1789 Boston printing of Treaty of Paris (American War of Independence)

$325.00 CAD

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Nice period printing of the agreement, only five years after taking effect!!

This document come from the following book:

The perpetual laws of the commonwealth of Massachusetts, from the commencement of the constitution, in October, 1780, to the last wednesday in May, 1789. To which are prefixed, the Declaration of independence, the Articles of confederation, the constitution of the commonwealth, the treaty of peace, between Great Britain and America, and the Constitution of the United States. Published by order of the General court.
Boston : Printed by Adams and Nourse, Printers to the Honourable General Court, 1789.


Front page is oxidized, inner pages less so. Otherwise in nice condition.

6 pages.

11 ¾” x 7 ½”


Book can be viewed at: https://catalog.hathitrust.org/Record/100714330



The Treaty of Paris, signed in Paris by representatives of King George III of Great Britain and representatives of the United States of America on September 3, 1783, ended the American Revolutionary War. The treaty set the boundaries between the British Empire and the United States, on lines "exceedingly generous" to the latter. Details included fishing rights and restoration of property and prisoners of war.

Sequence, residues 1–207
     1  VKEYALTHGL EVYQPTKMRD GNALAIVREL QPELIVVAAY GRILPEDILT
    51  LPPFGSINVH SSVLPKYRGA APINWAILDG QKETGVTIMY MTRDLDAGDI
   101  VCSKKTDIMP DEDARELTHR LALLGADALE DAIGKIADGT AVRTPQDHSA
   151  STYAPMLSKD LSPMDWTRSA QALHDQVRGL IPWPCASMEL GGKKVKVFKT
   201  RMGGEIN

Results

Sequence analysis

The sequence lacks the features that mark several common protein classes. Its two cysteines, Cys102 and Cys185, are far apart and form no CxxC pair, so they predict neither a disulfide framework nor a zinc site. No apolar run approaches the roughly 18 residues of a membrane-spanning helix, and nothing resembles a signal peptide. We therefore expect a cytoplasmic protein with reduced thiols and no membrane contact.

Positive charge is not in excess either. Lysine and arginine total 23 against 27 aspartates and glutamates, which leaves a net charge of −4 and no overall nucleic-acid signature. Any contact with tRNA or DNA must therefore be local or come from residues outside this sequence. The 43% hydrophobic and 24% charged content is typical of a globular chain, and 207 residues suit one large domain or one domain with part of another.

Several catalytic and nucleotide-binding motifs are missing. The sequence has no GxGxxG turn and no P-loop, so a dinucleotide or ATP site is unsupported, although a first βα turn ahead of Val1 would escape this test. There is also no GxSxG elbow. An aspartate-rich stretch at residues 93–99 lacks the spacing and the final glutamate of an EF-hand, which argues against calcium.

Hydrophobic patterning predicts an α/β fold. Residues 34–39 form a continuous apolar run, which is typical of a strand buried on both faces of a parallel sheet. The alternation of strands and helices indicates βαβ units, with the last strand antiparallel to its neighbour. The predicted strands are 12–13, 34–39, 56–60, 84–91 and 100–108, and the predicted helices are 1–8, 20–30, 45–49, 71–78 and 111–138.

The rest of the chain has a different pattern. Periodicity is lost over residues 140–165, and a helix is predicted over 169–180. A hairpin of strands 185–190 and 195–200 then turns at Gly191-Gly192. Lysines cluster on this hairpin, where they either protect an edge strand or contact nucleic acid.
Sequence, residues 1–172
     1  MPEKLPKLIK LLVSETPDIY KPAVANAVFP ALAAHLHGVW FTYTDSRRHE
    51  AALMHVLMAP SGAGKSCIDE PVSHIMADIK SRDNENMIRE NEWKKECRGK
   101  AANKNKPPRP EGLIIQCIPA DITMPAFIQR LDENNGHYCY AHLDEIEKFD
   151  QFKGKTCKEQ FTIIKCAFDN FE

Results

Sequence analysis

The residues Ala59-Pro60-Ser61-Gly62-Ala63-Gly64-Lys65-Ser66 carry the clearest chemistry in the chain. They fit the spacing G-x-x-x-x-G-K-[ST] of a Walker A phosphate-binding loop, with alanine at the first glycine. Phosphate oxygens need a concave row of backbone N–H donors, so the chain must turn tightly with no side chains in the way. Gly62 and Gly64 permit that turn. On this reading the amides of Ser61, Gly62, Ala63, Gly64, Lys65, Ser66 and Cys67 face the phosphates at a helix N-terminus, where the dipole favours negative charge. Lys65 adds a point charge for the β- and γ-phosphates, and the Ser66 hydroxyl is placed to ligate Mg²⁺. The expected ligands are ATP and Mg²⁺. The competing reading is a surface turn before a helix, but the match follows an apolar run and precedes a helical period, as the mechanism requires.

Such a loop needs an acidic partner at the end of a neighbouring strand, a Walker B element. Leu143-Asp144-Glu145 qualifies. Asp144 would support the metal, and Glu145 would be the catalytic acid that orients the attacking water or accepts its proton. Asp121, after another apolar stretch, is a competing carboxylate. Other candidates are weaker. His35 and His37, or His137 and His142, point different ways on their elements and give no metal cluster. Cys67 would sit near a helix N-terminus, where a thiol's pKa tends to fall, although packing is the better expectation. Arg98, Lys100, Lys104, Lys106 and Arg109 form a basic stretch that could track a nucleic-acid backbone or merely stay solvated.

This treaty and the separate peace treaties between Great Britain and the nations that supported the American cause — France, Spain, and the Dutch Republic — are known collectively as the Peace of Paris.

Only Article 1 of the treaty, in which King George III acknowledges the United States' existence as free sovereign and independent states, remains in force.

The United States Congress of the Confederation ratified the Treaty of Paris on January 14, 1784. Copies were sent back to Europe for ratification by the other parties involved, the first reaching France in March 1784. British ratification occurred on April 9, 1784, and the ratified versions were exchanged in Paris on May 12, 1784.